3. What Christian writers have in common is our desire to write the words He wants us to write.

    #1 Prayer was certainly in the forefront when Barbara Scott started discussing the possibility of bringing me under the guidance of the WordServe wing.

    #2 Appreciated the words “I’d rather authors take a full year to rewrite their manuscripts [if necessary].” Granted we all want to produce our best work in a timely manor. But just knowing that the agency realizes that at times and for certain stories it might take a bit longer. . . is reassuring.

    #3 Found this a scary thought : Look in the mirror: You are your publisher’s best PR agent.

    Lord help us not to try to be someone other than who you want us to be. And help us to give our best for You. . . Amen

  4. Thank you for very much for the pointers in this post, very helpful.

    I agree that authors nowadays need to be in tune with social media, but there are just TOO MANY social media outlets out there. You named what, at least SIX different ones in your blog. I consider myself fairly smart (I hope), and being a bank RVP, highly organized, but even this sense of organization can’t keep up with the social hype.

    I need to write.

    And I agree we should have a presence online, but writing a book with a dynamite structure and story should be a writer’s focus, not writing dynamite blogs. True, authors are expected to play a hand in marketing their books, and when the time comes, they may need to shell out from their own pockets for publicists and marketers. Just for the record, I am subscribed to all the above social sites but feel they are more useful once a book is published.

    My two cents.

    • I really agree with this. I’m sorry if the post gave the thought you had to do ALL of the social media possibilities. One or two is likely the limit during the writing process. But when it’s time to promote, especially a first book, an author’s job really is to maximize their reach and build their tribes. Once a book has been accepted, you typically will have about 9 to 12 months before the book is published; plenty of time to build a solid presence and network yourself among other authors and potential fans. The key point is having a strong base to give an agent something to leverage as he/she is pitching your book.

  5. Great post, Greg. Love the idea of the two way prayer. I never thought to ask you to pray for me!

    • Well, I certainly don’t consider myself a prayer warrior by any stretch, but I seem to do a lot of it these days.

  6. When I attended a writers’ conference last August (Greater Philadelphia Christian Writers Conference), I signed up for an equal mix of marketing and craft workshops. I was attempting to enter a new world, and I knew I had much to learn. But first, I had to overcome my queasiness about marketing myself. It seemed contrary to Christian humility. It was very helpful to hear what agents and editors had to say about the importance of marketing in proclaiming the message God has given me, as you have just stated so well, Greg. Since then, I’ve been working hard on this—taking control of my career as I pray for the Lord to open the doors. He’s the one who takes all my efforts and uses them to produce the results he wants, both in my life and in the lives of the people I reach.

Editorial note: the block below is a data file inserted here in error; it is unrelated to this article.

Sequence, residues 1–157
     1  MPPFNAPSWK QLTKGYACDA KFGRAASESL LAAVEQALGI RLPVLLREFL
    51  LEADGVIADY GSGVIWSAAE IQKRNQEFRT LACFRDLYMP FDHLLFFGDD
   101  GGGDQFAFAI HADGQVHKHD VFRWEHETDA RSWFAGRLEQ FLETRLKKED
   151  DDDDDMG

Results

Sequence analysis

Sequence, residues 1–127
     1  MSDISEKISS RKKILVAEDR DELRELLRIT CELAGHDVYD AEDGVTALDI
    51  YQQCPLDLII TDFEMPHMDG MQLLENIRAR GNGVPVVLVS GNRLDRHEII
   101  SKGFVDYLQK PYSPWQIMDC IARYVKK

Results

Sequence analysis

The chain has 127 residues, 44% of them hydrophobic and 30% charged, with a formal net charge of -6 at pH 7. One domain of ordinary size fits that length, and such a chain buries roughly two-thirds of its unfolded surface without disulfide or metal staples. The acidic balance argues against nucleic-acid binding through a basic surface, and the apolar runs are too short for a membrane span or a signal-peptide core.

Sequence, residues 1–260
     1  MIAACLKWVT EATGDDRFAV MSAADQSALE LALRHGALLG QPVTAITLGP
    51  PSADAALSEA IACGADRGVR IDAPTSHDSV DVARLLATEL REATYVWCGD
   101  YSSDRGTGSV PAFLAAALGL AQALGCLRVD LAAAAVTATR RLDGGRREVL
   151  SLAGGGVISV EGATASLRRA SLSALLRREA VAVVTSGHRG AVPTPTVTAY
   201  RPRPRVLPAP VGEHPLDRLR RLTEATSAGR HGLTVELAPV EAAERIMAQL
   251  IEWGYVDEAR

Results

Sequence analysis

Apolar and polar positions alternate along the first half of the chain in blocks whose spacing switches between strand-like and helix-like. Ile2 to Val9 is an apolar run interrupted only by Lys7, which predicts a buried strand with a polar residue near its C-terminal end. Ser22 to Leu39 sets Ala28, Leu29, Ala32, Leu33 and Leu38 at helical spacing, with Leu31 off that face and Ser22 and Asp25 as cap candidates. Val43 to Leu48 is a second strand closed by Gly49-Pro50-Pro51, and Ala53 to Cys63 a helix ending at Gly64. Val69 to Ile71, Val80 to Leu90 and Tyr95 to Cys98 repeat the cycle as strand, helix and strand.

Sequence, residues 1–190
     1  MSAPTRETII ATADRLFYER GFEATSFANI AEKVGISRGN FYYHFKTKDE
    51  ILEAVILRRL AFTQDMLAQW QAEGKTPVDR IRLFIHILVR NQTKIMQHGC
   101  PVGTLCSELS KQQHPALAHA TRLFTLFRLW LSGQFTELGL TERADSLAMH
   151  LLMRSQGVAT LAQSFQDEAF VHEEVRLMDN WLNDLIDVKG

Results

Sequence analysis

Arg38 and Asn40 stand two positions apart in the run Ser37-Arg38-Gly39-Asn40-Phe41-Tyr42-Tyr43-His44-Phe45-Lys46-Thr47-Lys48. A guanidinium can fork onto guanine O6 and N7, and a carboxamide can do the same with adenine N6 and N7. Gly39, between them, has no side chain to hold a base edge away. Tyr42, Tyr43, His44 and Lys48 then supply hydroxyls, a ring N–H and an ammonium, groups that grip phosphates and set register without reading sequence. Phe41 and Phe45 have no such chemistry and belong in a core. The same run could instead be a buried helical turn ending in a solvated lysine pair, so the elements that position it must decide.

First, I revised my manuscript from front to back before attempting my querying process again—I didn’t take an entire year, as you mentioned, but more than half the year. Craft, craft, craft. I hope I’ve hit the mark this time. Pushing my writing toward ever more excellence is the top priority. At the same time, I got my blog up and running and am posting on it at least once a week. I branched out and submitted to inspirational publications, rather than only focusing on fiction (I’ll be published by David C. Cook in “Power for Living” this September)—this broadens my market.

    I knew I needed help, so I also began working with a career mentor: Patricia Durgin of The Tip Tracy Academy (http://tiptracy.com/). Patricia is helping me to sort out “the purple thread” that runs through my entire life, so I can recognize what motivates, inspires, and drives everything I do in my ministry and in my writing. Her process helped me to hone in on why I do what I do, allowing me to focus my work like a laser beam. I can now discern which projects to accept and which to reject. Currently, I am aiming toward the purchase of a domain name. We’re working on my tagline, logo, graphics, etc.; so I can build a more professional site. I’m now writing the “About Me” and “Credentials” pages—all of that content that will need to be in place when the site goes up.

    I’m also connecting more with other writers through sites like this. Next, I’m tackling Twitter. I have a teenager, so that should help. 🙂 Recently, WordServe had a great posting that will help me navigate my way through that.

    This site has been very helpful. Great ideas are shared every day. I’m throwing all of my energies at learning to market myself and my ministry of writing and speaking. At first it was daunting and confusing; but I feel like I’m less clueless now. I think I’m beginning to learn the ropes.